Class Notes 7

Here is a quick summary of what we discussed in class today.

Briefly, what is international trade? Market transactions that cross borders. Let's remember the macro picture with households, businesses, and government: the other piece is the "Rest of the World" and the exchanges with that entity are international trade. Countries buy imports and sell exports. The difference between the value of exports and imports is Net Exports (NX). If it's negative, it's called a trade deficit. Net exports are affected by the volumes of both imports and exports, as well as the prices of each.

Why do governments need to get involved? At a basic level, they control what happens with the country's currency, which you need to trade with other countries. We saw how politics and foreign relations often plays a role in governments' attitudes toward trade. And of course government is responsible for regulations.

What are the tools that governments have to deal with trade?

Some of these measures bring cash in to the government (e.g. tariffs). Some cost money directly (e.g. subsidies). All of these have costs associated with them in terms of monitoring & enforcement.

Good Reasons to impose restrictions or other measures: if we look at the five conditions necessary for a well-functioning market, we have some to evaluate the types of government intervention that are needed. So for example,

Controversial reasons: Bad reason (from an economic efficiency point of view): catering to influential lobby that is neither increasing its competitiveness nor providing an essential good but just sucking public subsidy.

Trade agreements: seek to clarify and harmonize rules and generally lower barriers to trade. Along with technological and managerial advances are primarily responsible for the increase in trade since 1950s. They are a political decision to promote trade.

The big controversy going on right now is between the big, nearly global, multi-lateral organization for making trade agreements, the WTO, and an increasing number of smaller bilateral or regional or other multi-party trade agreements. The smaller agreements go against the WTO principle of treating all trading partners equally. They are also a way for big, rich countries to more easily get their way with smaller, poorer countries that are not able to band together. And they make the trading landscape that much more complicated, with different rules applying to different countries.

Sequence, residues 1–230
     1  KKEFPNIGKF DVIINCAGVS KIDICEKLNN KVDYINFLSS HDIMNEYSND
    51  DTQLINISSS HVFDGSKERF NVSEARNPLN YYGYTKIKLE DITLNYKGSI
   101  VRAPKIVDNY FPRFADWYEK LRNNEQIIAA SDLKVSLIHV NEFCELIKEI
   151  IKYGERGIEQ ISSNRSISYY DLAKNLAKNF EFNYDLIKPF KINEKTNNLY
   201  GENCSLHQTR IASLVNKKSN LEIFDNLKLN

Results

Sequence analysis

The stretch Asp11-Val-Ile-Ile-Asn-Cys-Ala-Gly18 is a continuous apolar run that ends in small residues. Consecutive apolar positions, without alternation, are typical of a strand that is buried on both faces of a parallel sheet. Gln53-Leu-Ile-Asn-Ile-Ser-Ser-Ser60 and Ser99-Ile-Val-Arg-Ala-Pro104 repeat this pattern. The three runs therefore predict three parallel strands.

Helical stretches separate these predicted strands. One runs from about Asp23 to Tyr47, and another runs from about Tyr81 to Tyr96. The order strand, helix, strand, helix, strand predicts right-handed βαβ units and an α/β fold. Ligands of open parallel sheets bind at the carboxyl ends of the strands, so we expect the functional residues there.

One of the reasons that some people do not like the WTO is that they feel it represents a loss of sovereignty. (Remember Rodrik's trilemma?) They don't like the WTO settling disputes. Other people are alarmed at some of the strange elements found in trade agreements, such as protection for investors from "indirect expropriation" (interpreted as any action that diminishes the value of a foreign investment, including the adoption of environmental and public health regulations). Others feel that it has nothing to do with trade to extend patent rights from one country to worldwide, or to grant companies the right to patent particular plants, animals, or gene sequences.

The WTO says that countries should live up to "international standards" on labor rights and environmental regulations, but it does not want to get involved in saying what those are and generally tries to defend against countries using arguments for regulation to covertly limit trade. The recent Doha declaration allows "forced licensing" of patented medicines for public non-commercial use and in case of public health emergency, and also provides measures for countries that are unable to produce their own cheap generic medicines to import them from other countries.

Please also take a look at the cases and their results to learn about some of the hot contemporary controversies in international trade.

Take-home point: Trade is affected by a number of political factors and considerations, and the "most efficient" result is sometimes ambiguous does not always prevail.